Thought Leadership

Increasing innovation in engineering education

By Blake Snodgrass

When you think of academics, it should not be limited to the classroom.

The idea of self-teaching via online learning, mentoring or even mass customization of education is a concept not new to academia. Moreover, for corporations like Siemens in merging with Mentor Graphics, it is moving out of the classroom through the speed-of-trust.

This trust issue can relate to behaviors in team meetings or how you strengthen yourself and your team. Your credibility is conveyed in two areas: competence – which is regular ongoing learning opportunities, and character – looking for ways, especially in a team dynamic, to build a character connection.

Conceptually, it is ideal for the educator to be on the sidelines in the classroom, while the student is self-teaching via blended learning.Then you leverage the professor as a mentor and transition into the idea of mass customization for academia. This structural concept is dynamic – a work-in-progress.

However, the mindset of disrupting the status quo classroom structure is an encouraging prospect. Bringing education outside conventional methods encourages students to learn subjects like engineering in a manner which translates to the contemporary environment.

Bringing engineering into the modern classroom

Engineering is a broad topic with exciting opportunities for career advancement in an ever-changing landscape of technological innovation. How do we prepare students for the future? Also, what needs to change in how students learn?

Listen to the podcast series about this compelling topic from, Alex Alison, Enterprise Account Orchestrator, interviewing Dora Smith, Senior Director of Global Academic Partner Programs at Siemens Industrial Software as they discuss several academic concepts and trends:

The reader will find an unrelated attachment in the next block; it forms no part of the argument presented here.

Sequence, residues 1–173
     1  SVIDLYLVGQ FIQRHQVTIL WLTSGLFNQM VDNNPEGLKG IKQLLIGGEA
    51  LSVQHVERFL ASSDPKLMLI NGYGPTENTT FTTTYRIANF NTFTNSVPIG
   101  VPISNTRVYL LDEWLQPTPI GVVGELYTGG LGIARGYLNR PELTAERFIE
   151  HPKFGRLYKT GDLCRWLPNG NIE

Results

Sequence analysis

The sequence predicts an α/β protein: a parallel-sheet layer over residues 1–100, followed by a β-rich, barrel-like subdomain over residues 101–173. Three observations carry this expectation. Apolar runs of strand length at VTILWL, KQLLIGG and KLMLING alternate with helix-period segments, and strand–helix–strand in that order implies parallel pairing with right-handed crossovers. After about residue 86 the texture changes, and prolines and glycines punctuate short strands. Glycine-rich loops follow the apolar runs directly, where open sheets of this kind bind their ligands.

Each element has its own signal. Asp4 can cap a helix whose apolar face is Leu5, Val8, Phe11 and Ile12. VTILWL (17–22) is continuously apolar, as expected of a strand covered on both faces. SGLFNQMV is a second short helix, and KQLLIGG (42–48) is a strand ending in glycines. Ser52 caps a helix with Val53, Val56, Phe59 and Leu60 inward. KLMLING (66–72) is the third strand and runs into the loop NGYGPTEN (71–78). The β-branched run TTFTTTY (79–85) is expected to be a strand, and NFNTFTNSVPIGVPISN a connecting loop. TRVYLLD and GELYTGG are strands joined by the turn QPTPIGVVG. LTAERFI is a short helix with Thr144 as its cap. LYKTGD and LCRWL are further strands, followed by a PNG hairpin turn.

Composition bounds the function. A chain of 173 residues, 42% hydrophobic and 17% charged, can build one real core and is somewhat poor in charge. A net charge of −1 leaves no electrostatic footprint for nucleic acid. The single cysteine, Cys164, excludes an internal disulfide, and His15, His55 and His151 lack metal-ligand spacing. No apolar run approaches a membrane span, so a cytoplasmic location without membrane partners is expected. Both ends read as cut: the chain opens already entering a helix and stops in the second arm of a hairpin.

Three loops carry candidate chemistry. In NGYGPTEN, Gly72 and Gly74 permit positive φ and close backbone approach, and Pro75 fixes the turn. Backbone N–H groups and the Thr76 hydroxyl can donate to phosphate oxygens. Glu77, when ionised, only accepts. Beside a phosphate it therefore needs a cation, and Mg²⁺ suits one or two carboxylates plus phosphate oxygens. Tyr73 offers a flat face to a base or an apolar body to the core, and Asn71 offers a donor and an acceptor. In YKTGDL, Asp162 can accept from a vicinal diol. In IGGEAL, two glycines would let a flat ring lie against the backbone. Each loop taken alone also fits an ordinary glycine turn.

• Partnering with educational institutions
  • What’s top of mind with engineering deans
  • Multidisciplinary engineering education
  • Experimental learning
  • Educator upskilling
  • The digitalization skills gap, curriculum and global expansion
  • Best practices in educational engineering

Siemens enriches academia by collaboration with educational institutions at every grade level, for integrating and exposing students to innovative software technology. This global program is far-reaching to empower the next generation of digital talent. Siemens, along with colleagues around the world, consult with schools to reform engineering education through comprehensive software and curriculum and real-world applications.

The result is a future-proof workforce.

Whether helping to build the next software engineers or sparking innovative thinking, Siemens’ educational programs help to move the classroom to the next level of advanced technological learning.

Listen to the full podcast on SoundCloud.

This concludes part one in a series on the Siemens Academic Program. Our second blog will present a portion of this podcast conversation via transcription. Learn how new advances in academics is providing new solutions for where today meets tomorrow.

About the authors:

Dora Smith is the senior director of the global academic program for Siemens PLM Software. The program empowers the next generation of digital talent through project-based learning, STEM competitions and industrial-strength software and curriculum to support students and academic institutions worldwide.

Alex Allison is an account orchestrator with Siemens PLM Software and has been with the company since 2013. In his current role, he is responsible for maintaining relationships with electronics and high-tech companies on the Eastern seaboard. Alex began his career in the semiconductor industry, specializing in manufacturing systems. He has experience around OCM, managing complex enterprise system architecture, and ensuring customers have the right solutions and processes that will result in transformational efficiencies throughout their business.

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This article first appeared on the Siemens Digital Industries Software blog at